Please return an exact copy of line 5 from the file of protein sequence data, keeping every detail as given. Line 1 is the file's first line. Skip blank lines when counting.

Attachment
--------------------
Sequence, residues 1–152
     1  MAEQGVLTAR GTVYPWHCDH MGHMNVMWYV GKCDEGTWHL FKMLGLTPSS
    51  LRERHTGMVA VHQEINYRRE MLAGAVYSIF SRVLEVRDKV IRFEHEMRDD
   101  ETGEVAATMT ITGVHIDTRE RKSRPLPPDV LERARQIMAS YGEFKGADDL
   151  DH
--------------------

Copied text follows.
   151  DH